[0472] Condition 4. The yield of all product types during time T [0473] 15. PLABC Costing: Introduction and Background for Historical Development of Activity Based Costing (ABC) Concept. [0474] The traditional cost accounting (TCA) methodology [67,84] used during most of the 20 [0475]FIG. 72 documents the increased academic research and industrial application of activity based costing (ABC), as measured by the large number (458) of journal and book publications from 1989 to 2001. The Reference list [38, 42-88] includes approximately 50 of the key journal publications and books dealing with ABC theory, development and application. The first publication appeared in 1989, followed by an increase to 99 publications in 1997, and a decrease to an average of 34/year in the years [0476] Existing ABC methodologies have provided a better understanding of true product cost, but have not thus far quantitatively linked manufacturing productivity and organizational productivity to true product cost in such a way that the dependence of product cost on performance can be mathematically modeled. This invention illustrates a UPPCOS MASC Methodology (FIG. 75) to accomplish this linking both for direct manufacturing cost and for indirect cost, and thereby enable improved understanding of the relation of performance measures (FIG. 74) to productivity. In this methodology, total cost is defined as the sum of direct manufacturing cost and indirect cost. [0477] 15.1 Direct Manufacturing Cost [0478] The approach to integrate manufacturing productivity measurement [37-39,41] with the direct manufacturing cost component of a product, consistent with ABC principles, is based on: [0479] 1. Flow charting the manufacturing system to establish the material flow relation between each UPP (FIG. 70) in the factory, combined with factoring the factory architecture into standard configurations or UPP Sub-Systems (UPP SS) for improved productivity representation. This example applies the method to production data for an illustrative example of a model factory flow-charted in FIG. 76. [0480] 2. Developing a methodology for quantitative measurement of product direct manufacturing cost by using appropriate cost drivers to trace direct manufacturing costs first to UPP activity centers, and then to the products. This portion of the approach is also described in the illustrative example of the model factory flow-charted in FIG. 76. [0481] 15.2 Indirect Cost [0482] The approach to integrate organizational productivity measurement with the indirect cost component of a product, consistent with ABC principles, is based on: [0483] 1. Flow charting the business processes in the factory and company operations to establish the flow of cost and information through each Unit Business Process (UBP) responsible for consuming the indirect or overhead costs. FIG. 77 shows an illustration of a UBP. [0484] 2. Developing a methodology for quantitative measurement of indirect cost, first by using resource cost drivers to trace indirect costs to various UBP activity centers, followed by the use of activity cost drivers to trace indirect costs of activities at each UBP to each product. [0485] The following sections provide a detailed description of the overall framework for the UPPCOS MASC Methodology and its application in an illustrative example. [0486] 15.3 Structure of the UPPCOS MASC Methodology [0487] 15.3.1 Overview of the Methodology [0488] The approach to integrating the UPP and UBP concepts with ABC principles to determine true product cost is graphically illustrated in FIG. 74, where the factory and company total costs (resources) first are obtained from accounting for the time period T [0489] Each UPP or UBP in a factory is treated as a UPP or UBP activity center, which performs a set of specific activities such as 1) set-up, machining, and engineering for a UPP, and 2) market analysis, customer surveys, and test marketing for a UBP. For example, if the manufacturing operation of a UPP activity center is flexible machining, then the set of activities may be set-up, machining, or engineering. If the business operation of a UBP activity center is market research, then the set of activities may be market analysis, customer surveys, and test marketing. Each UPP or UBP activity center consumes a portion of factory total resource costs. Similarly, each product manufactured in factory consumes a portion of costs of a UPP and UBP activity center. The calculation techniques are discussed below, with detailed tables (FIGS. [0490] As illustrated in FIG. 75, total costs for a time T [0491] 1) The Table in FIG. 86 shows a detailed list of direct manufacturing costs of factory and company operations in the six generic categories, summarized here: [0492] Process Labor (PL) [0493] Process Energy and Utilities (PE & U) [0494] Process Tooling (PT) [0495] Process Materials (PM) [0496] Equipment Depreciation (ED) [0497] Direct Materials (DM) [0498] 2. The Table in FIG. 87 shows a detailed list of indirect or overhead costs of factory and company operations in the five generic categories, summarized here: [0499] General Administration (G & A) [0500] Research and Development (R & D) [0501] Marketing and Sales (M & S) [0502] Material Management (MM) [0503] Labor (L) [0504] Next, direct resource cost drivers (FIG. 88) are applied to relate direct manufacturing costs to UPP activity centers, and indirect resource cost drivers (FIG. 89) are applied to allocate indirect costs to UBP activity centers. The Table in FIG. 90 shows details for a list of five direct manufacturing activities at the UPP level, summarized here: [0505] Manufacturing Operations (MO) [0506] Engineering Operations (EO) [0507] Quality Assurance Operations (QAO) [0508] Material Handling Operations (MHO) [0509] Production Management (PM) [0510] The Table in FIG. 91 shows details for a list of five indirect activities at the UBP level, summarized here: [0511] Factory Management (FM) [0512] Company Management (CM) [0513] Research and Development (R & D) [0514] Marketing and Sales (M&S) [0515] Material Management (MM) [0516] Then, a set of direct cost drivers (FIG. 92) is employed to link direct manufacturing cost from the UPP activity centers to individual products, and a set of indirect cost drivers (FIG. 93) is used to link indirect or overhead costs from the UBP activity centers to individual products. [0517] Finally, sets of direct performance measures of manufacturing operations (FIG. 94) and sets of indirect performance measures (FIG. 95) are defined. Algorithms relating direct performance measures to product direct manufacturing cost are developed. Algorithms for indirect performance measures are also developed. [0518] Algorithms are used to express the direct manufacturing cost of a unit of good product on an ABC basis as a function of the direct performance metric, OTE, of a model factory in FIG. 76 made up of six UPP activity centers are developed. Indirect performance metrics and algorithms linking indirect cost of a unit of good product on an ABC basis to these metrics are thus developed. As mentioned above, the direct manufacturing costs and indirect costs will be obtained from accounting with assistance of personnel knowledgeable of factory and company costs. [0519] 15.3.2 Total Product Cost at the Factory Level [0520] According to the methodology of the present invention, the total cost of a good product for product type k can be determined, at the end of the factory, as [0521] where [0522] TC [0523] (at the end of the factory) [0524] TDMC [0525] (at the end of the factory) [0526] TIC [0527] (at the end of the factory) [0528] 15.3.3 Direct Manufacturing Cost of Product at the Factory Level [0529] On the assumption that the direct resource cost drivers and the direct activity cost drivers have been identified, the activity costs associated with each UPP activity center in the factory during the period, T [0530] where [0531] AC [0532] AC [0533] DMC [0534] DCD [0535] The total direct manufacturing cost of product at the end of the factory can be calculated based on the manufacturing processes of the product types and the performance of UPP activity centers. Note that the input and output of a UPP activity center is material flow of a product type. Assume during the period, T [0536] Thus, the total direct manufacturing cost of a unit of good product for product type k during the period, T [0537] and the total direct manufacturing cost of a unit of good product averaged over all product types, k, during the period, T [0538] (15-5) [0539] where [0540] ACD [0541] OTE=unit-based overall throughput effectiveness of the factory [0542] R [0543] OEE/OTE [37], OTE is defined for: [0544] a single part type, and [0545] for the average of multiple part types, [0546] but not separately, i.e. OTE [0547] Further development of the theory is in process to implement concepts required to determine how best to define and represent OTE [0548] Similarly, OEE is currently defined for a single part type, and for the average of multiple part types, but not separately, i.e. OEE [0549] 15.3.4 Indirect Cost of Product [0550] Similarly, the total indirect cost of a good product may be determined according to the business process associated with the product type and the performance of UBP activity centers, FIG. 77. Thus, the activity costs listed under each UBP activity center during the period, T [0551] where [0552] AC [0553] AC [0554] IC [0555] ICD [0556] For each UBP activity center (or generic business operation), information inputs for a time T [0557] Examples of UBP activity centers or generic business operations include: [0558] General Management [0559] Competitive Intelligence/Strategic Business Planning [0560] Market Research and Development [0561] Production and Current Factory Support [0562] Current Product Distribution [0563] Technology Assessment/Development [0564] New Product/Process Development and Implementation [0565] Sales and Company Support [0566] Personnel Development and Training [0567] Then, based on additional input of the indirect activity cost drivers for allocating costs of the UBP activities to each of the products (P [0568] 15.4 Illustrative Example Illustrating the Calculation of Productivity and Product Direct Manufacturing Cost for a Model Factory Defined in FIG. 76 [0569] 15.4.1 Productivity of Model Factory for 3 Part Types [0570] The illustrative example is based on a model factory flowcharted in FIG. 76, made up of UPP [0571] Values of OEE range from 0.32 to 0.55, and values of CTE range from 0.80 to 0.98. Values of P [0572] Generic definitions of production parameters and direct performance metrics (OTE [0573] 15.4.2 Product Direct Manufacturing Cost Study of a Model Factory [0574] This section discusses a six-step approach for calculation of direct manufacturing cost of a product for the model factory shown in FIG. 76 for each of the three product types. [0575] The Tables in FIGS. 82, 83, [0576] Step 1: [0577] The initial step is to collect the total costs of a company through the general ledger or income statement of the company. In the illustrative example, it is assumed that: [0578] Total Costs (TC)=Direct Manufacturing Costs (DMC)+Indirect Costs (IC)=$1,000,000 [0579] DMC=$755,000 based on a re-grouping factor of 0.755 for direct manufacturing costs. [0580] In this illustrative example, the subdivision of costs was done arbitrarily. [0581] In a real case, DMC would have been obtained directly from company data. [0582] IC=$1,000,000−DMC=$245,000. [0583] For this Illustrative example, the chart below sub-divides the DMC into 6 (six) cost categories and shows that their sum equals $755,000. [0584] CHART Sub-Dividing DMC Into 6 Cost Categories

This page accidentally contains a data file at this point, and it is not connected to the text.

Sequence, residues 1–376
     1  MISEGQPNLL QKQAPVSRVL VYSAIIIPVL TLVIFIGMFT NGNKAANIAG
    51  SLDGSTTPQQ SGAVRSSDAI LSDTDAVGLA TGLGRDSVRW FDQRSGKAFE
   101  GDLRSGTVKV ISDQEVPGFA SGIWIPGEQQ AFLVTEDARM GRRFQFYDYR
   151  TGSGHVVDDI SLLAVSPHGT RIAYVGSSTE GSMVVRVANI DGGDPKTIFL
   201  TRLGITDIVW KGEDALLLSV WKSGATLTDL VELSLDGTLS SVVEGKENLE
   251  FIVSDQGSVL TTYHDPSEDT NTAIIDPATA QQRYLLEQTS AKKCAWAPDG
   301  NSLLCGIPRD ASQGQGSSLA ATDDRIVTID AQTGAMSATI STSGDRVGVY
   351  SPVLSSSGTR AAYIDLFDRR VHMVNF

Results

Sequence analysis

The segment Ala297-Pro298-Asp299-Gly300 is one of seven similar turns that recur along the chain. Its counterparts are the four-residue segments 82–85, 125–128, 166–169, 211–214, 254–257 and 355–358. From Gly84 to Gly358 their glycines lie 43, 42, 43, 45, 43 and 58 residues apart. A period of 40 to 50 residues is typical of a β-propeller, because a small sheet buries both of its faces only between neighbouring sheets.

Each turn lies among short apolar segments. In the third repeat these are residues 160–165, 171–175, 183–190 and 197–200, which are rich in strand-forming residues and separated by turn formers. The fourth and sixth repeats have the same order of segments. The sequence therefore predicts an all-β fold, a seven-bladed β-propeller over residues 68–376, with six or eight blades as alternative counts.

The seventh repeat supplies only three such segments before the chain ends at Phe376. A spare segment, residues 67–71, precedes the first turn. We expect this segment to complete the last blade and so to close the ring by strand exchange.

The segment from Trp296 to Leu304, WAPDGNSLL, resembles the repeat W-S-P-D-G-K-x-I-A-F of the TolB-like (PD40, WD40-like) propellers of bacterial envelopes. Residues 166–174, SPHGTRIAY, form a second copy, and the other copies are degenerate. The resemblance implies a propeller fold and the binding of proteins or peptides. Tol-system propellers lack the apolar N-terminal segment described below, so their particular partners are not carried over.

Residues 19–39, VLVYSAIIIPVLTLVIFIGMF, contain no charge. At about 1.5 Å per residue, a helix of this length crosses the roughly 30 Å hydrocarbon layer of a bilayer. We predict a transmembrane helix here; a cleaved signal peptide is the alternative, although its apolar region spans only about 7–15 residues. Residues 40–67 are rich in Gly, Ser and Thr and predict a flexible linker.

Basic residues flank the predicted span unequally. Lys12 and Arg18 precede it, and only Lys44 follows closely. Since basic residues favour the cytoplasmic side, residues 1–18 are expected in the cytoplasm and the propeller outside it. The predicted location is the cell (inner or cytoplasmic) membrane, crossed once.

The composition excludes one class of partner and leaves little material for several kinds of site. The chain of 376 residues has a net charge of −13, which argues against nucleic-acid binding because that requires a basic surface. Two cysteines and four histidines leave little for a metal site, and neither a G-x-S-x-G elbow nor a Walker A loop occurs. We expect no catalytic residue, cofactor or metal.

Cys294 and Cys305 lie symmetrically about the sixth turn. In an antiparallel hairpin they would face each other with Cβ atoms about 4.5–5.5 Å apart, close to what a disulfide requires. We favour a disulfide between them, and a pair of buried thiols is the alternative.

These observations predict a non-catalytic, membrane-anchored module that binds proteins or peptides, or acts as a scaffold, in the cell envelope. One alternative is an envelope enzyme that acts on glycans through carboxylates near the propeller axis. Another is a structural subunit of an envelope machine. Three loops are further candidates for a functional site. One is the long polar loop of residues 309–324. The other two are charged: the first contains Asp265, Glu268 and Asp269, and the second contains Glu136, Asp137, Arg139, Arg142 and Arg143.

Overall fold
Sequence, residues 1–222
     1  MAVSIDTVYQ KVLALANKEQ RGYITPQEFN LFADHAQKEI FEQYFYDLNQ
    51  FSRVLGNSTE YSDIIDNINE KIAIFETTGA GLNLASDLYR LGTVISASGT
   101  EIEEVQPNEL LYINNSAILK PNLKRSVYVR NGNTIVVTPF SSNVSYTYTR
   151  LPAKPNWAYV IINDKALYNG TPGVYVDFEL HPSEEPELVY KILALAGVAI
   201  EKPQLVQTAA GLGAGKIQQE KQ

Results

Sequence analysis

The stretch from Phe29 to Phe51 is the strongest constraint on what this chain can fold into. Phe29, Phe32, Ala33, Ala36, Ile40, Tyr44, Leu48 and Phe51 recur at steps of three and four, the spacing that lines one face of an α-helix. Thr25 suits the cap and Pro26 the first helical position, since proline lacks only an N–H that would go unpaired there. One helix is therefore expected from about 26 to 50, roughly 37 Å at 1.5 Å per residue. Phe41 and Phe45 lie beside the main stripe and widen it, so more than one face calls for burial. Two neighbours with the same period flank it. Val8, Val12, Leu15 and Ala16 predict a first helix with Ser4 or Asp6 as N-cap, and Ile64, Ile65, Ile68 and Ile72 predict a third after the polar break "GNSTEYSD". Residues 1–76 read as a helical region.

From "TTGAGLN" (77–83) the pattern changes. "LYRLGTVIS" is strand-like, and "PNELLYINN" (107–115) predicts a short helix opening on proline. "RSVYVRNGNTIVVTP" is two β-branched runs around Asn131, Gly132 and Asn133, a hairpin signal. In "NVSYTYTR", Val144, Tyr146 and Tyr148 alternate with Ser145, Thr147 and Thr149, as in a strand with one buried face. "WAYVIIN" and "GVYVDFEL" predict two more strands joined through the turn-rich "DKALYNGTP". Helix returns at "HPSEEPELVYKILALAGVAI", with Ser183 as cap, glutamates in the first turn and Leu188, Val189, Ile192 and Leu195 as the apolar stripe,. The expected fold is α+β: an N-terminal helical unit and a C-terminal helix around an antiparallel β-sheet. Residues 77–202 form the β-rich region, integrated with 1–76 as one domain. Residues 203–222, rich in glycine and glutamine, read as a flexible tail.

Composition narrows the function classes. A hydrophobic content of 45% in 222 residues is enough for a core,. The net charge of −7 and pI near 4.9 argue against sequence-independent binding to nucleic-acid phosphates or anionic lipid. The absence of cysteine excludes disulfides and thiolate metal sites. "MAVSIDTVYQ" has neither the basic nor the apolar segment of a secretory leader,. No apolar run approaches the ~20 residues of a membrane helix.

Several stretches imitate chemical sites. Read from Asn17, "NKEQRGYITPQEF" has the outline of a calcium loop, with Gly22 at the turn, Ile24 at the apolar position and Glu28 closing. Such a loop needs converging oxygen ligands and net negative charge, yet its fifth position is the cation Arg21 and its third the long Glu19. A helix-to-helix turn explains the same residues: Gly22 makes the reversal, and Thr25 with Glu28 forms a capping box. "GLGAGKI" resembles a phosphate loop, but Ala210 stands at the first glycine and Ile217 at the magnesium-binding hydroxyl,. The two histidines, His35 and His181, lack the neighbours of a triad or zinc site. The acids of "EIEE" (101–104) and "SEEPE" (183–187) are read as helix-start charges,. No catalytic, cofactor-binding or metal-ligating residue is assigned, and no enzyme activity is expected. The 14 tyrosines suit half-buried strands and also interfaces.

[0585] Step 2: [0586] In this step, the direct manufacturing activities at each UPP activity center are defined (see also FIG. 90): [0587] 1. Manufacturing Operations (MO) [0588] 2. Engineering Operations (EO) [0589] 3. Quality Assurance Operations (QAO) [0590] 4. Material Handling Operations (MHO) [0591] 5. Production Management (PM) [0592] Step 3: [0593] In this step, the DMC from each of the set of 6 (six) DMC Categories are allocated to each of the 5 direct manufacturing activities (defined in Step [0594] 1. Educated Guess [0595] 2. Analytical Hierarchical Process (AHP) [0596] 3. Actual Data Collection. [0597] In this illustrative example the cost driver factors are determined from “hypothetical actual data”. For example, in FIG. 96, 0.2 is the cost driver factor used for allocating the cost of Process Labor (PL) to the manufacturing operations activity of UPP-1. It is calculated as follows: